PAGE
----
Who Is Yusra Mardini? The Refugee Team Swimmer Just Won Her 100M Butterfly Heat
For many athletes it’s their dream to compete in the Olympics and one incredibly talented refugee had her dream come true at this year’s summer games in Rio de Janeiro. Not everyone had heard of this speedy swimmer's amazing story until Saturday and are now asking: Who is Yusra Mardini? The 18-year-old Syrian refugee is one of 10 athletes who were selected to compete in the first ever Olympics team made up of refugees from some of the most war-torn countries around the world and got some of the loudest cheers during the Olympic opening ceremony on Friday night.
Before finding sanctuary in Germany, Mardini swam for her life, saving others in the process, across the frigid Mediterranean waters when her crowded migrant boat began sinking while carrying 20 other refugees to Europe who were fleeing the civil war in Syria. She and her sister, Sarah, pushed the boat for more than three and a half hours until their boat reached to the Greek island of Lesbos.
On Saturday, she swam her heart out again and won her race — a 100 meter butterfly swimming heat, posting a time of 1:09:21. Even though the semifinals won't be held until Saturday evening, her victory has already gained an amazing amount of excitement on social media.
"Everything was amazing. It was the only thing I ever wanted was to compete in the Olympics," Madrini told Agence France-Presse on Saturday. "I had a good feeling in the water so I'm happy for that."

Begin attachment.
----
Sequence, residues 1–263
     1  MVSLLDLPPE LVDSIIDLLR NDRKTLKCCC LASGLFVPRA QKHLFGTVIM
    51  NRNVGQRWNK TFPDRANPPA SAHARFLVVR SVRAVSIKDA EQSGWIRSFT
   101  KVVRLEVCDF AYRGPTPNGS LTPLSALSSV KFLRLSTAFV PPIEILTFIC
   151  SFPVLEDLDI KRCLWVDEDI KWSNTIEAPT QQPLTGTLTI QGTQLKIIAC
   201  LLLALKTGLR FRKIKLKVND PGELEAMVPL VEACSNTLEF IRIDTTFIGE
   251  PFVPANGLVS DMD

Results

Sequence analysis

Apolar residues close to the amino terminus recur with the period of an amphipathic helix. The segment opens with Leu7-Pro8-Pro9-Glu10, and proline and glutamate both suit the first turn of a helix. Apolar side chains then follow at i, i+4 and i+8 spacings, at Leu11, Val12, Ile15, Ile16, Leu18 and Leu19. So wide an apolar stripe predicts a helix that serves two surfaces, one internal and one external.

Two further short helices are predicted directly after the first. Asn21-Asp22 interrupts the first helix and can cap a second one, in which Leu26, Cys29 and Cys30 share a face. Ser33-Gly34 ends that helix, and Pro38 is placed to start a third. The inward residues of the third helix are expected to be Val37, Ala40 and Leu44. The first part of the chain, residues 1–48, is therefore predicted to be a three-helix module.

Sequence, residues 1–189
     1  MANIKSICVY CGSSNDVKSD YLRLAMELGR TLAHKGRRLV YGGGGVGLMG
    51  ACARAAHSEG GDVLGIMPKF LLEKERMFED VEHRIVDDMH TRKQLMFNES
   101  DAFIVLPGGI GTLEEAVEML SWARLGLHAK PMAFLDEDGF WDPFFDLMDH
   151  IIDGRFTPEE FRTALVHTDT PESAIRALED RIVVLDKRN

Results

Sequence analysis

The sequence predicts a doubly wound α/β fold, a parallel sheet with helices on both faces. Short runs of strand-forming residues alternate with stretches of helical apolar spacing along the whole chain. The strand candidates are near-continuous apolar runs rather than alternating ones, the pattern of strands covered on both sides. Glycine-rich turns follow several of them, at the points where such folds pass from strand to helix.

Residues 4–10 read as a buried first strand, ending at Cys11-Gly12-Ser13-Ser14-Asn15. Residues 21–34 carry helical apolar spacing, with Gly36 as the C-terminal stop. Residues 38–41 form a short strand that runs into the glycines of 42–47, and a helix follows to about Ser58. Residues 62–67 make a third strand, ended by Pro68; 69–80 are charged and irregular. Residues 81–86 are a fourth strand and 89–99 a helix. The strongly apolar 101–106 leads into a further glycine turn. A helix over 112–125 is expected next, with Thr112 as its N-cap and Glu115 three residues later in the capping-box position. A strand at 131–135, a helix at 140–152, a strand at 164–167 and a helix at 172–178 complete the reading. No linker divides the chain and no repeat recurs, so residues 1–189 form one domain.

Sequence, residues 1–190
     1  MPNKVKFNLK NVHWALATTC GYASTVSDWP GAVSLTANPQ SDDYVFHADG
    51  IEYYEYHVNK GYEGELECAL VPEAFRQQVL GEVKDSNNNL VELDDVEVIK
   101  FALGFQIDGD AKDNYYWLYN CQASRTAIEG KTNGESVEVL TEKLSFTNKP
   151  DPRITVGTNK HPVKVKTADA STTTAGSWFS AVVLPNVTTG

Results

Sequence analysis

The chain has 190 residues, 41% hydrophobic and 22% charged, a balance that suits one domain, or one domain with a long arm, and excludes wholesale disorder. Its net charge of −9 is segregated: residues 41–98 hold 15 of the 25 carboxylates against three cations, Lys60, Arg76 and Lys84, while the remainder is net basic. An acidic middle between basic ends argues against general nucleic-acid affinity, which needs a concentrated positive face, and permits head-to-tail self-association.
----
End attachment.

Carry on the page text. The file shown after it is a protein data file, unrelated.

Nine months ago, the teen swimmer and her sister found refuge in Berlin and caught the attention of a coach while she was swimming at a local sports club. Soon after that, the International Olympic Committee decided to build a team of refugee athletes to draw global attention to the pressing refugee crisis. Madrini qualified, along with nine other men and women from Syria, South Sudan, Ethiopia, and Democratic Republic of the Congo.
According to the UNHCR, the UN Refugee Agency, Madrini said that she hoped to to inspire millions of other refugees who are fleeing war and persecution throughout the world.
"I’m going to make them proud," Madrini told the UNHCR. "I want to represent all the refugees because I want to show everyone that, after the pain, after the storm, comes calm days. I want to inspire them to do something good in their lives."
Even though she's now a refugee in Germany, Madrini also told the agency that she would like to return to Syria when the war stops and wants use her experience in the Olympics and in Germany to teach others all that she has learned.
She added, "I want everyone not to give up on their dreams and do what they feel in their hearts. Even if it’s impossible, even if they don’t have the right conditions, you never know what will happen, just keep trying. Maybe you’ll get a chance like I did. Or maybe you’ll make your own chance."